if you’re lucky enough to own a beautiful gold ring, you’ll want to keep it looking its best. But if you’re not sure where to start, you’ve come to the right place!
We’re going to look at how to polish a gold ring, how often to do it, and how to get the best results. So if you want to restore your jewelry to its former glory, let’s get started!
1. How often to polish a Gold Ring
Like silver, gold is a relatively soft metal, so it needs to be handled with care. And the finer the gold, the softer and more fragile it is. A ring made of 9 karat gold will be more resilient than an 18 karat gold one.
Too much polishing can actually wear away the surface, so only do it when it’s really necessary. If you’re taking your ring to a jeweler for professional polishing, once or twice a year will be plenty.
If you’re using less abrasive methods, such as a polishing cloth, you’ll be able to polish more frequently. Even so, don’t clean your ring more often than once a month.
2. Avoid the need for frequent cleaning
So if cleaning your gold ring too often can damage it, it’s a good idea to avoid getting it dirty! Fortunately, there are a number of ways you can do this.
Remove your ring when you get into the shower. That might sound strange – after all, a shower is just clean water, right? Well, that’s usually not the case.
If you’re using soap or shower gel, it will leave behind an oily layer on your ring. That will dull the appearance of the gold. Each time you shower, another layer will build up. Over time, that will mean your ring no longer looks bright and shiny.
Set it to one side before you get into the shower, and the gold will stay looking brighter for longer.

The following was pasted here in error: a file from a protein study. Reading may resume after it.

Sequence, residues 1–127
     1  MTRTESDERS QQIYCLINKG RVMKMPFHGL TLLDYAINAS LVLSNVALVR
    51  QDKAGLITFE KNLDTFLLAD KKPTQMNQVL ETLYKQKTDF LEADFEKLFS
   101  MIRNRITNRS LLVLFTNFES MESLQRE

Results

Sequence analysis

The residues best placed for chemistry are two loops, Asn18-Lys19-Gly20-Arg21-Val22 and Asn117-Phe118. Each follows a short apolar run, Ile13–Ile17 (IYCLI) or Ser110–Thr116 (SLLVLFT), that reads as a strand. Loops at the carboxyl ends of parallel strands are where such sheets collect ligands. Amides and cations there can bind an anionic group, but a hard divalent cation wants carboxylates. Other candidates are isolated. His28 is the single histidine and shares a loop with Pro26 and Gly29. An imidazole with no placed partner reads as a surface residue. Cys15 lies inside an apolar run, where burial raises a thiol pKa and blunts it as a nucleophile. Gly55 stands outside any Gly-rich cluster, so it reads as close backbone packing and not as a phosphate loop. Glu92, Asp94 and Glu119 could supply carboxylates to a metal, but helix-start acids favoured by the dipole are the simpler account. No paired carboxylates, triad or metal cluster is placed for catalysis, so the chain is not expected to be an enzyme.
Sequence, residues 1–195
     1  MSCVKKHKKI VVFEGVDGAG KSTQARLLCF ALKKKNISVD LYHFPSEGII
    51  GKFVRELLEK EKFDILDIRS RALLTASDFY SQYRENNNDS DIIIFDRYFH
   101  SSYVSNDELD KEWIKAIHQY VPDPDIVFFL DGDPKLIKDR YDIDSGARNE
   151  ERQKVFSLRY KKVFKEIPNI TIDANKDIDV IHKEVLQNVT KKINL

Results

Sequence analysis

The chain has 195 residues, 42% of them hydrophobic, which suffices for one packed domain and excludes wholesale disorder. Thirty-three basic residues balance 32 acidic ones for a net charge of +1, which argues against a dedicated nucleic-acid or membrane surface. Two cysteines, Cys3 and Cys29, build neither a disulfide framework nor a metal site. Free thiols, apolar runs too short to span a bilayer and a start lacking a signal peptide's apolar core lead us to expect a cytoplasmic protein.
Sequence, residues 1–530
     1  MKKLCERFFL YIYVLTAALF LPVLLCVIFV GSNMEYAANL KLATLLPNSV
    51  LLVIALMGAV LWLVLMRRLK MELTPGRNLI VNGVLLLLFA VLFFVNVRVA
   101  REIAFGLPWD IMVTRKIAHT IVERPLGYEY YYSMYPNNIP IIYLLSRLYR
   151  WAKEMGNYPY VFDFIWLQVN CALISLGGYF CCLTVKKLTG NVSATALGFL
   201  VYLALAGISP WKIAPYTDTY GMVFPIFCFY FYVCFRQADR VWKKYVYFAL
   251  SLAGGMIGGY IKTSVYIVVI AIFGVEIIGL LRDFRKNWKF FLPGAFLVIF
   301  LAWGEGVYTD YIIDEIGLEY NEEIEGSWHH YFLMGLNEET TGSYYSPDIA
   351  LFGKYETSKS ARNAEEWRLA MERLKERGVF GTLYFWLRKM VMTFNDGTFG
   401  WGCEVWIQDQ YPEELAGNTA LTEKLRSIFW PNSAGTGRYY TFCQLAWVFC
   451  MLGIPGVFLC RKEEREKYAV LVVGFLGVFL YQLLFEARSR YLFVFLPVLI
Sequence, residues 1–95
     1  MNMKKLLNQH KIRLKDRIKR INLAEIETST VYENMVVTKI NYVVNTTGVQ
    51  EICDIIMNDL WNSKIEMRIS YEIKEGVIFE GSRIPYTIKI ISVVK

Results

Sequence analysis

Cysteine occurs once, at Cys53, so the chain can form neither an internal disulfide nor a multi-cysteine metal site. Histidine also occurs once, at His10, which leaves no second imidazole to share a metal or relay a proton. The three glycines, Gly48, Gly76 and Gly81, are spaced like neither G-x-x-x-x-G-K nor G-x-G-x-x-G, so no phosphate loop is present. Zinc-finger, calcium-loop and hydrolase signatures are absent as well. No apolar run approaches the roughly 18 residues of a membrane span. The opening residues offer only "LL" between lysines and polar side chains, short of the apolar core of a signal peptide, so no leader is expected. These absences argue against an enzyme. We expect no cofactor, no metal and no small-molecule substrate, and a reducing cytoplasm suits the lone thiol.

It’s not just soap and shower gel that can cause this issue. Cosmetics, hairspray, hand lotion and perfume can also build up on gold. Avoid them coming into you contact with your ring to keep it looking its best.
Another good idea is to avoid wearing your ring in environments where it can get scratched and dirty. Gardening is a major culprit here.
Even with gardening gloves, particles of soil can get in at the cuff and find their way to your ring. It’s much better to remove your ring and keep it somewhere safe until you’ve finished. The same goes for sport, housework, or anything else where your hands may get knocked, sweaty or grubby.
And if you don’t wear your ring every day, keep it in a pouch or its own box. That way you’ll avoid it being scratched by other items in your jewelry box.
3. Preparing for a routine polish
No matter how careful you are, the time will come when you need to clean your gold ring. The good news is that you won’t need any expensive equipment or chemicals to do this. All that’s required is water, mild dish soap, baking soda, a toothbrush with soft bristles and a soft cloth.
There are a couple of things to bear in mind before you get started.
Firstly, not all rings are suitable for this treatment. If your gold ring is set with stones that aren’t white, red or blue, it’s best to take it to a jeweler. Stones with different colors can react adversely to even the mildest chemicals. Get some professional advice before proceeding.
Secondly, make sure that your toothbrush hasn’t been used for brushing anyone’s teeth! Although older toothbrushes are likely to be soft, they’ll almost certainly carry toothpaste residue. Toothpaste is abrasive and may damage your ring.
A new brush with soft bristles is what you need here. Baby toothbrushes are a good bet. They’re also smaller, making them easier to uses on little items like rings.
4. Polishing your Gold ring
Fill a bowl with warm water and a few drops of mild dish soap. The water shouldn’t be too hot. If it is, you risk scalding your fingers and damaging softer gemstones.
There are different views on whether baking soda should be added to the mix. It’s mildly abrasive, so if your jewelry isn’t very dirty it won’t be necessary.
But if soap and water alone isn’t cutting it, adding a small amount can make all the difference. Use it sparingly – no more than half a teaspoon – to avoid scratching your ring.
When you’ve prepared your soapy water, place your ring gently into the bowl. If you’ve got a plastic straining basket, place your ring inside to avoid it scratching against the bowl.